I stumbled across this article today about gender roles and how as a culture, we’ve made great strides (though we still have a long way to go) in making it socially acceptable for a woman to wear pants and play with power tools, or be a surgeon, or run a company, but if a man does ballet, or wears pink, or likes flower gardening, then he’s obviously gay. As the author asks, “why is it alright for girls to break out of gender roles and embrace their love of tools or cars or spaceships, but when a boy wants to dress up like Princess Jasmine people are uncomfortable?”
It got me thinking about men and boys in the faerie culture. One of the things I love about the “modern” faerie festival is that it’s very gender-neutral. Sure, there are plenty of pastel princesses with shimmery wings and pretty curls, but there are also male faeries and sprites and goblins and elves and greenmen. It’s more about the connection with nature and the other worlds that touch ours than a specific gender role. The gentleman in the photo above, for example, is someone I’ve seen at just about every local faerie and renaissance festival, though I’m ashamed to admit I’ve never actually chatted with him (I did stumble across his website, though – he and his wife are the proprietors/creators of Mythical Masks and Miscellaneous Oddments, and he frequently posts some interesting articles and musings on his blog) – he always looks wonderful in natural, woodsy outfits.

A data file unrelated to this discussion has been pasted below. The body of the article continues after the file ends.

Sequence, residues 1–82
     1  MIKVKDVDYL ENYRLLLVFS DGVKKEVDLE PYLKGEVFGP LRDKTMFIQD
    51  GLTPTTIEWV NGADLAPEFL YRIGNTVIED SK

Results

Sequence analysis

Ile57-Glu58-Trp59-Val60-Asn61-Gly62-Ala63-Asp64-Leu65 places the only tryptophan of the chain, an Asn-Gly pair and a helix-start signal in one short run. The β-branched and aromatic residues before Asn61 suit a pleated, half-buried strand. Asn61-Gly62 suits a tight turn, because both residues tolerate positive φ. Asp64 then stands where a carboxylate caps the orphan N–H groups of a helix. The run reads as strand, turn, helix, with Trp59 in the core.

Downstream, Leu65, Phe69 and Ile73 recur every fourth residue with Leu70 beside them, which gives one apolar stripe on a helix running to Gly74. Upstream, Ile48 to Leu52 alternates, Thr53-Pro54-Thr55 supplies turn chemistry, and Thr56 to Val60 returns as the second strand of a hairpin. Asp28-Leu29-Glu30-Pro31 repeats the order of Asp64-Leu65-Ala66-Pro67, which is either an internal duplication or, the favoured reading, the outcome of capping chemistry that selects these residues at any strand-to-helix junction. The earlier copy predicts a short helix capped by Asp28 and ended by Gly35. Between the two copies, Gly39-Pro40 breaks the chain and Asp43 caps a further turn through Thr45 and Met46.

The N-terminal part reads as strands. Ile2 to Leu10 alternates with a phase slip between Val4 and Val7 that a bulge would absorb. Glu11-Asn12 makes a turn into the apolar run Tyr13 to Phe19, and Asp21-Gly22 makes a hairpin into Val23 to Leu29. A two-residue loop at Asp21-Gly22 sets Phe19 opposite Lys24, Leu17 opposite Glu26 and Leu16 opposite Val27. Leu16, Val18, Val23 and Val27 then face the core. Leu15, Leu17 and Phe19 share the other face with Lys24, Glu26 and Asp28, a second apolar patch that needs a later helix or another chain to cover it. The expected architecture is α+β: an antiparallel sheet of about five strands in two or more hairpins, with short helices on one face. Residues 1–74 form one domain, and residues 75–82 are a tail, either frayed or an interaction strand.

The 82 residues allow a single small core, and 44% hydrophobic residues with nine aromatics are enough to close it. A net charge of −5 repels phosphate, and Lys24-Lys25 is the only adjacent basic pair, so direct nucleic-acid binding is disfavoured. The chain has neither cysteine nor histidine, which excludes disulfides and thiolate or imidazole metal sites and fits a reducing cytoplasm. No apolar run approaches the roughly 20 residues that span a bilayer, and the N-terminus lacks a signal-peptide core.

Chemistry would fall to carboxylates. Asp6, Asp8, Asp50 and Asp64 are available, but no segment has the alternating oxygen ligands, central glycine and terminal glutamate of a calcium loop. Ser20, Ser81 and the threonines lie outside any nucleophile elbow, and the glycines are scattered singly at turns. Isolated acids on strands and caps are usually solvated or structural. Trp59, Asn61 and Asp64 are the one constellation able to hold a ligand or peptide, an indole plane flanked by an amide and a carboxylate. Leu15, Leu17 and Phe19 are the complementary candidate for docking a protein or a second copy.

Like Kat mentioned, this was the first year for RenCon. And, admittedly, we didn’t do a very good job preparing for it — both of us worked a full day at the dayjob, didn’t get there until the evening, didn’t have much of a plan, and were just kind of going with the flow. I had this sort of self-delusion that I would liveblog the event or something, but that just didn’t work out: I don’t think anyone’s going to read about my dinner, or my pleasure with the Guinness I had in the evening.
That being said, an event like RenCon is very much what you make of it. We went with one other friend and without much of a plan; we didn’t put much into it, and so we only have ourselves to blame for not getting much out of it.